Officers, N.C.O.s and Men of the 1st Battalion, Buried in Gorre British and Indian Cemetery

This cemetery contains a total of 929 Commonwealth burials (830 from the UK, 1 Australian, 2 South African and 96 from India) + 8 from Germany and 1 from France.

Of the Commonwealth burials 28 are “Known Unto God“.

The Cemetery contains 2 named soldiers of the Cheshire Regiment who both died of wounds received whilst trying to take La Bassée on 19th October 1914. The cemetery is in the south-east corner of the grounds of Gorre Chateau, and was begun in the Autumn of 1914 and used until April 1918.

…. use this link to get a full list of all Soldiers buried in this Cemetery

Use the links below to read a little more about each man and see where he is buried.

Sergeant 7943 Richard ASHLEY (A.R.) – ‘D’ Coy

Grave:  1.E.2.  Died of Wounds: 19 October 1914     Age: 27

Personal: Richard was born in the September quarter 1887 in Elton, Sandbach, Cheshire the second son of William (‘Agricultural Labourerin 1891, ‘Railway Platelayer‘ in 1901)) and Hannah (née Latham ?) Ashley, of The Fields, Elton.

He had an elder brother Joseph and seven younger siblings George, Edith, Elizabeth, Sarah, Jonathan, Charles and James. (1901 Census RG 13/3353 and 1911 Census RG 14/21751) In 1901 Richard was employed as an ‘Agricultural Labourer‘.

Richard’s ‘Register of Soldiers Effects’ shows that a sum of £13 12s 5d (£13.62 – equivalent to about £1100 today – 2020) was paid to his father, William, in January 1915. A War Gratuity of £8 (about £360 today) followed in June 1919.

Military Service: Richard enlisted in the Cheshire Regiment at Chester. Currently his Army records are unavailable, probably destroyed in Second World War bombing.

As a Reservist he was recalled to the 1st Battalion at the outbreak of War and his Medal Card shows he entered France 16 August. He fought under Captain Jones on the right flank of the Battalion’s action at Audregnies on 24th August.

about how some of ‘D’ Company extracted themselves from the Battle, under either Capt. Rich or Capt. Jones.

Richard was one of the 9 men killed during the action to take La Bassée on 19th October. The War Diary states:
10.0 a.m. Attempted to occupy LA BASSEE, and came under heavy fire of each arm. Finally entrenched 450 yds in front of former positions.”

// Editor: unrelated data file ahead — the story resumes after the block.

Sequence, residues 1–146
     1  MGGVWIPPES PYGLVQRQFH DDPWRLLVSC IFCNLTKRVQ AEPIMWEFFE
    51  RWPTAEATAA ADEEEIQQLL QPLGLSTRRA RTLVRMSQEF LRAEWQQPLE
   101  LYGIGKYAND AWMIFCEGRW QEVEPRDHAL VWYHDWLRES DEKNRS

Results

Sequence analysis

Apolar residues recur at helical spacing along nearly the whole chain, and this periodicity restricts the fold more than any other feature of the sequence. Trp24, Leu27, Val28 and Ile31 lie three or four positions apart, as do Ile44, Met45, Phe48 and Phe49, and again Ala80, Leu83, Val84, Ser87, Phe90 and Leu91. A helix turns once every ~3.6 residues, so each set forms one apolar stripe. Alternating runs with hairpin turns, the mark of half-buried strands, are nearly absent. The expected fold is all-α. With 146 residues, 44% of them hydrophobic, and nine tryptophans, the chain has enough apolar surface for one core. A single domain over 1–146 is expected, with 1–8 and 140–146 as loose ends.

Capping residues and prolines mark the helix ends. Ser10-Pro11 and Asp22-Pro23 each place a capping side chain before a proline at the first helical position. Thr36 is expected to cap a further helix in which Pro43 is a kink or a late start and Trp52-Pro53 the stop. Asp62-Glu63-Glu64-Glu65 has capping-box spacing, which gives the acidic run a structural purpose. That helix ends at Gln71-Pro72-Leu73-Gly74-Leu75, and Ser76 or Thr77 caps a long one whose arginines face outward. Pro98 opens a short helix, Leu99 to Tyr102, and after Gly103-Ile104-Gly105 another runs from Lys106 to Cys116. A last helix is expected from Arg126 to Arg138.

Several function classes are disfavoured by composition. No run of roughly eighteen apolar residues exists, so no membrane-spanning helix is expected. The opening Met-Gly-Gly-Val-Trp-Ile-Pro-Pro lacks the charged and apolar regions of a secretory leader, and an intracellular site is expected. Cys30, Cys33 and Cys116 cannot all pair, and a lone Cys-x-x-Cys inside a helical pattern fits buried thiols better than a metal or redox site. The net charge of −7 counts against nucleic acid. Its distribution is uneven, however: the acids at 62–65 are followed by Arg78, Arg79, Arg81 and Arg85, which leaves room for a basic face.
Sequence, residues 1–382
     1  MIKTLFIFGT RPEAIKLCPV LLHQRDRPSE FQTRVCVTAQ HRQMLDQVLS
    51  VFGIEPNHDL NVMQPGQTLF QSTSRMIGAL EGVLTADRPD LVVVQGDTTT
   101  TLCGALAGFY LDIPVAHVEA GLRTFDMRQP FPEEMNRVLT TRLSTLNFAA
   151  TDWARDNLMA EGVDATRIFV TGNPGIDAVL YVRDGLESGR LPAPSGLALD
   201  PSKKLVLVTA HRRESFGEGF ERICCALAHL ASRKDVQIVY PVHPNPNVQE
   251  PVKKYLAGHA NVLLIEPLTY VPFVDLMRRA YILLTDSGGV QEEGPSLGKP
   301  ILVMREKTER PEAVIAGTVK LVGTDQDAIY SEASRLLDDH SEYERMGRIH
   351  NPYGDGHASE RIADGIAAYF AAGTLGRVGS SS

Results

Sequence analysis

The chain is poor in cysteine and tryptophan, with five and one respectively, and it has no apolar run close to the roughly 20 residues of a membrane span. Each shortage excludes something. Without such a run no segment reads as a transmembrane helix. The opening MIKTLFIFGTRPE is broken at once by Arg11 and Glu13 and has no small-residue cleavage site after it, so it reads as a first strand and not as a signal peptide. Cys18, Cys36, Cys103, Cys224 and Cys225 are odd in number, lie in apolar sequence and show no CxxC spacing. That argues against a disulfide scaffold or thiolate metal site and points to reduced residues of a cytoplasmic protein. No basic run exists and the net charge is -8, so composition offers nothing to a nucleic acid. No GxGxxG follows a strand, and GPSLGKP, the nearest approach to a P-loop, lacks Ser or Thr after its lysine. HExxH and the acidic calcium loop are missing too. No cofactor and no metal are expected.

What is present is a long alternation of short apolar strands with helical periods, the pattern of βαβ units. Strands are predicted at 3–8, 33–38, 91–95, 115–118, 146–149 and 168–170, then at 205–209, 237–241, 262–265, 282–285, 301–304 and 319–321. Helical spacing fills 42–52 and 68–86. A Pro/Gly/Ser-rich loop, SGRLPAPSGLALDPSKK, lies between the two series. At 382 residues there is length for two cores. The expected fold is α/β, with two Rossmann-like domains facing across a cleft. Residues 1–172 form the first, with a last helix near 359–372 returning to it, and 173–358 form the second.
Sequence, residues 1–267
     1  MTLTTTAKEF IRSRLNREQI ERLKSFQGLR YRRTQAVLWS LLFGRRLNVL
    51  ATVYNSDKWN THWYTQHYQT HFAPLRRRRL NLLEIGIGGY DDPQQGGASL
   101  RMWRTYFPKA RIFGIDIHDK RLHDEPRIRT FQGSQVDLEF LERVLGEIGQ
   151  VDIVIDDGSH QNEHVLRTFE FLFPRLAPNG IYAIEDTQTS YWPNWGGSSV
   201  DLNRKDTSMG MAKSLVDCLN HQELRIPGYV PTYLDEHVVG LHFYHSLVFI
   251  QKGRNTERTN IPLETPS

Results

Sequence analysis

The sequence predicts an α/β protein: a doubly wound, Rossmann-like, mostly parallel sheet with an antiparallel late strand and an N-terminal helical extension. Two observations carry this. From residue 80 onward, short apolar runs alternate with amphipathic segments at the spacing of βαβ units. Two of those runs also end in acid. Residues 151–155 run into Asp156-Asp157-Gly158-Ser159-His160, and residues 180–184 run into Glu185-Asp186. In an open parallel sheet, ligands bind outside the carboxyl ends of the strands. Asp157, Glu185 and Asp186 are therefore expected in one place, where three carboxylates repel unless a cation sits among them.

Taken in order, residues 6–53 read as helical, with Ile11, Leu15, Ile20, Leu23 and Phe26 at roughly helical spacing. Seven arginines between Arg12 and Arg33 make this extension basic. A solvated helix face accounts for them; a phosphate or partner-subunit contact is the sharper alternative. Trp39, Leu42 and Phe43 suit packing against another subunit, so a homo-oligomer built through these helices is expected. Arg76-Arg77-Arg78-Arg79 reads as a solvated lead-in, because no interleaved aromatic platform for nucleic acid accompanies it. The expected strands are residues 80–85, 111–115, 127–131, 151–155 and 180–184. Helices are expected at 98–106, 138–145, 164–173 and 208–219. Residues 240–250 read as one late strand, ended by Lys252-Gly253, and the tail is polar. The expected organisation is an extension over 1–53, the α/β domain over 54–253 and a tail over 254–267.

His ‘Register of Soldiers Effects’ states that Richard died in the “15th Field Ambulance, Nr. Violaines“. He was presumably taken there suffering from wounds and died shortly afterwards as Field Ambulance were to found close to the front line.

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Private 10064 John EVANS

Grave:  1.E.1.  Died of Wounds: 20 October 1914     Age: 19

Personal: John Evans was born in St Mary’s Parish, Nantwich, Cheshire, in December 1894, the oldest child of John, deceased in 1907, (a Farm Labourer) and Annie Evans of Well Lane, Nantwich. He had a younger sister, Florence. (1901 Census: RG 13/3362) In 1911 (Census RG 14/21810) he was living at 6 Second Wood Street, Nantwich with his widowed mother, both employed as ‘General Domestic Servants‘.

At the time of his enlistment he was employed as a ‘Casual Labourer‘. When he joined the Cheshires he was 5’ 4″ tall (1.63 m.), weighed 112 lbs. (8 st. 0lbs.) had a ‘fresh’ complexion, grey eyes and light brown hair. His religion was Church of England.

According to his Service papers John did not marry, nor did he have any children. At the time of his death his mother is listed as next-of-kin who by then had moved to 16 Second Wood Street, Nantwich.

John’s ‘Register of Soldiers Effects’ shows that a sum of £6 9s 2d (£6.46 – equivalent to about £510 today – 2020) was paid to his mother, Annie, in February 1915. A War Gratuity of £5 (about £225 today) followed in June 1919. She was also awarded a Pension of 10 s. per week (50p – about £25 today) effective from 24th October 1918.

Pt. Evan’s Grave – I.E.1.

Military Service: George enlisted at Nantwich, Cheshire on 5 February 1913, aged 18 years 2 months, having previously been in the 7th (Special Reserve) Battalion (Private 9183), which he joined on 1 January 1912.

His terms of service were 7 + 5 (i.e. 7 years active service + 5 years reserve). He was posted to the 1st Battalion in Londonderry on 12th February 1913, from where he sailed to France at the outbreak of War.

His Medal Card shows he entered France 16th August and he would have seen action at Audregnies on 24th August. However, his name does appear on the published members of the Original 1st Battalion. He died on the 20th October 1914, one of the 24 men wounded on that day. In total he served 1 year 257 days with the Regiment.

His Casualty Report Form, dated 21st October, states that he died:
In 15th Field Ambulance of wounds received in action near Violaines
(Gunshot wound head).

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